12 minutes | 9 months ago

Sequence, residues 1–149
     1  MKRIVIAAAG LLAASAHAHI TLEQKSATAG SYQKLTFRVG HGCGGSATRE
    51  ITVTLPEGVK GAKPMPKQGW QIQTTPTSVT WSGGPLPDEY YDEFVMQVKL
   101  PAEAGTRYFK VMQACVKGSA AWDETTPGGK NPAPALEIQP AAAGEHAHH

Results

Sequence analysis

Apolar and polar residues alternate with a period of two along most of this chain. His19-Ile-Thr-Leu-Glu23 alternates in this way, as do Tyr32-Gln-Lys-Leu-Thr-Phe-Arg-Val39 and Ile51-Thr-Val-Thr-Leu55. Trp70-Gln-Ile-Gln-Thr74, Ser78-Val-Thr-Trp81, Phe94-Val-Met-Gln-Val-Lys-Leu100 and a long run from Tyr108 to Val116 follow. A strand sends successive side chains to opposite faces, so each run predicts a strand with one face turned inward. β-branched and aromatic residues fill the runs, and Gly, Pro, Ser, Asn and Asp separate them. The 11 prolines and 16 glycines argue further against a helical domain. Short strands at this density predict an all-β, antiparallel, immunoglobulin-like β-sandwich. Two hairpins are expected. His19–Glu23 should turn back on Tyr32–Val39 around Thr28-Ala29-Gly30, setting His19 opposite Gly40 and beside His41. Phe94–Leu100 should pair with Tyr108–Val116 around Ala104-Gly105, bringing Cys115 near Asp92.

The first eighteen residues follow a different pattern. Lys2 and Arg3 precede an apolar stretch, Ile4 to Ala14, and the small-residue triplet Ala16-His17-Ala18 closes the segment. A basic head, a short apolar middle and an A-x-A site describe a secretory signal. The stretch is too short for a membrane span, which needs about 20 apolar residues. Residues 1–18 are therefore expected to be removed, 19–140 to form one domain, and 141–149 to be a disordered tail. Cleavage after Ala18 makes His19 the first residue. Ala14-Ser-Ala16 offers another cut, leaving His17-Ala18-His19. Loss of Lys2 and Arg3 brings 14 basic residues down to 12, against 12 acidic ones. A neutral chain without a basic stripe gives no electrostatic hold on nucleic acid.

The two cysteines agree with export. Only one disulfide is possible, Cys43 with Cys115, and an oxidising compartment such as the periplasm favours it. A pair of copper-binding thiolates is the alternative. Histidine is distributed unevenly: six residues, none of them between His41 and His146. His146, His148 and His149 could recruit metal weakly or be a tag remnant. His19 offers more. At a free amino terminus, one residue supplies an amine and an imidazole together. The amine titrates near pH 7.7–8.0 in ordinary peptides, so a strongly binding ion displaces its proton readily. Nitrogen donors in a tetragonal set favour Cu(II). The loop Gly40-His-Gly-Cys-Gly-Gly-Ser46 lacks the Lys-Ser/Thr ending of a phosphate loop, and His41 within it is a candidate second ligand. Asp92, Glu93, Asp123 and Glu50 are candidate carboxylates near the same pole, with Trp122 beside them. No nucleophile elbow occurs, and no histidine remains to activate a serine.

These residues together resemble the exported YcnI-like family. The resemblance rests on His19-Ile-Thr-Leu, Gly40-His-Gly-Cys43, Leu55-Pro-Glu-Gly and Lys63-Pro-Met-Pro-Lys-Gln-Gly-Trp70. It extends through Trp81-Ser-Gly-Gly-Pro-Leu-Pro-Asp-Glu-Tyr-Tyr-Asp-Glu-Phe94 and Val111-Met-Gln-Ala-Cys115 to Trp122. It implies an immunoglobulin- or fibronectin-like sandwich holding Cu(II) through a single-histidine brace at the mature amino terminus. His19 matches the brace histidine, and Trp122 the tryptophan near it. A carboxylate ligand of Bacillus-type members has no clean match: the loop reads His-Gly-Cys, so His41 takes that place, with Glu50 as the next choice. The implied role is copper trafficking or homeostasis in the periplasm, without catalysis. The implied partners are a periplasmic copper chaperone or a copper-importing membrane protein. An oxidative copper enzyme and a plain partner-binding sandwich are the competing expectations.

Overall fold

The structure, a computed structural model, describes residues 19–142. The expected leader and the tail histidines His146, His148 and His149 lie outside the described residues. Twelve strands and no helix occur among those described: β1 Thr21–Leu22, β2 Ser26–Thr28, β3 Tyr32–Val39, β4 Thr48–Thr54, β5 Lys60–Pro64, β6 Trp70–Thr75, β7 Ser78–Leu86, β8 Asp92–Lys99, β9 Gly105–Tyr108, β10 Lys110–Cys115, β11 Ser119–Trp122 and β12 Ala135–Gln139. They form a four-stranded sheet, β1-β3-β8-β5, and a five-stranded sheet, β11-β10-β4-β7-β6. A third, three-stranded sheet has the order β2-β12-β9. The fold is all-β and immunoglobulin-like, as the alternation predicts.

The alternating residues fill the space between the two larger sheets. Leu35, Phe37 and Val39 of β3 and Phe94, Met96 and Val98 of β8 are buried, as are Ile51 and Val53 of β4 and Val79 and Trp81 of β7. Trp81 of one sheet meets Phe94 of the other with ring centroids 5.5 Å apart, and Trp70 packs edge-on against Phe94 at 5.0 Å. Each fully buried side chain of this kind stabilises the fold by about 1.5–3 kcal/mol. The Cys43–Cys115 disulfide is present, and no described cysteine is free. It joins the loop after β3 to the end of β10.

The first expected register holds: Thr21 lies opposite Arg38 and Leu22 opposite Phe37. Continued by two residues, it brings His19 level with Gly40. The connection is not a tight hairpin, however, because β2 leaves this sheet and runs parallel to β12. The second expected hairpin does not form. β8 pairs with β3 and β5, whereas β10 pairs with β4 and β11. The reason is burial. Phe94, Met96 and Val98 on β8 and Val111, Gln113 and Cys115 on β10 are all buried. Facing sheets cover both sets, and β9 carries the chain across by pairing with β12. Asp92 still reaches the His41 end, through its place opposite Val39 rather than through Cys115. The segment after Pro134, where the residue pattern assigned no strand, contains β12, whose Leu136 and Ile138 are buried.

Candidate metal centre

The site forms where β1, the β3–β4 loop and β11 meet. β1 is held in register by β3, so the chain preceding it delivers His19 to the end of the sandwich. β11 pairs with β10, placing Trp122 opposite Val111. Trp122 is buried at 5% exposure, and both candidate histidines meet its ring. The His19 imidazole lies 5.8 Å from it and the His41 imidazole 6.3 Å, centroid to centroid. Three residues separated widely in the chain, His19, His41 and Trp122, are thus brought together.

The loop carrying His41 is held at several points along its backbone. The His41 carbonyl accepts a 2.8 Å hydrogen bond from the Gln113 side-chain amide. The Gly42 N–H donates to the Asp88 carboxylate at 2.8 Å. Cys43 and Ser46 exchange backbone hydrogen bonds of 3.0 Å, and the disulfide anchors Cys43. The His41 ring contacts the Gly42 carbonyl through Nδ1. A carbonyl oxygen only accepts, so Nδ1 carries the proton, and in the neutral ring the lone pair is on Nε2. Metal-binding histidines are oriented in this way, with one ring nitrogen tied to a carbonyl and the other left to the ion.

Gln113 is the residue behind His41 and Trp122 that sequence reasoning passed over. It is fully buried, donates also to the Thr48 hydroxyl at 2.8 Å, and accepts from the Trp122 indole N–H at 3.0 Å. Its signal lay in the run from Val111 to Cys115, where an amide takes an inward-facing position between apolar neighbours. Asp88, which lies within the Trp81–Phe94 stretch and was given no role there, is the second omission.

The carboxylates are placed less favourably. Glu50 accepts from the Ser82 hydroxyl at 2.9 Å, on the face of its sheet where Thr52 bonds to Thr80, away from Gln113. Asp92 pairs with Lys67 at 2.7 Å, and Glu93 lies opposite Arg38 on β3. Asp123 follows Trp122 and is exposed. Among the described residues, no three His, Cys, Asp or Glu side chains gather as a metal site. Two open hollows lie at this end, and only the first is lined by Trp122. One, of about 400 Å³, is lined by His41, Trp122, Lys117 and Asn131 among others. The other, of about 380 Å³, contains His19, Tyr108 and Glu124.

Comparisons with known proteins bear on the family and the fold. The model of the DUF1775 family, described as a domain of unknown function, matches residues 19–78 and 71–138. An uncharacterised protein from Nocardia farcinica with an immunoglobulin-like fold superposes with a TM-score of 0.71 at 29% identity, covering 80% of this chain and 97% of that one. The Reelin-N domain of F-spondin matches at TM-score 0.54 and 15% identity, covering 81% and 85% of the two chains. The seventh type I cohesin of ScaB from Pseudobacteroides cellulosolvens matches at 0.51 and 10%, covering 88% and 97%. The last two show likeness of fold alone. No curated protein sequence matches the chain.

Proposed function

S1E9 COVID-19 A Ritual for Flow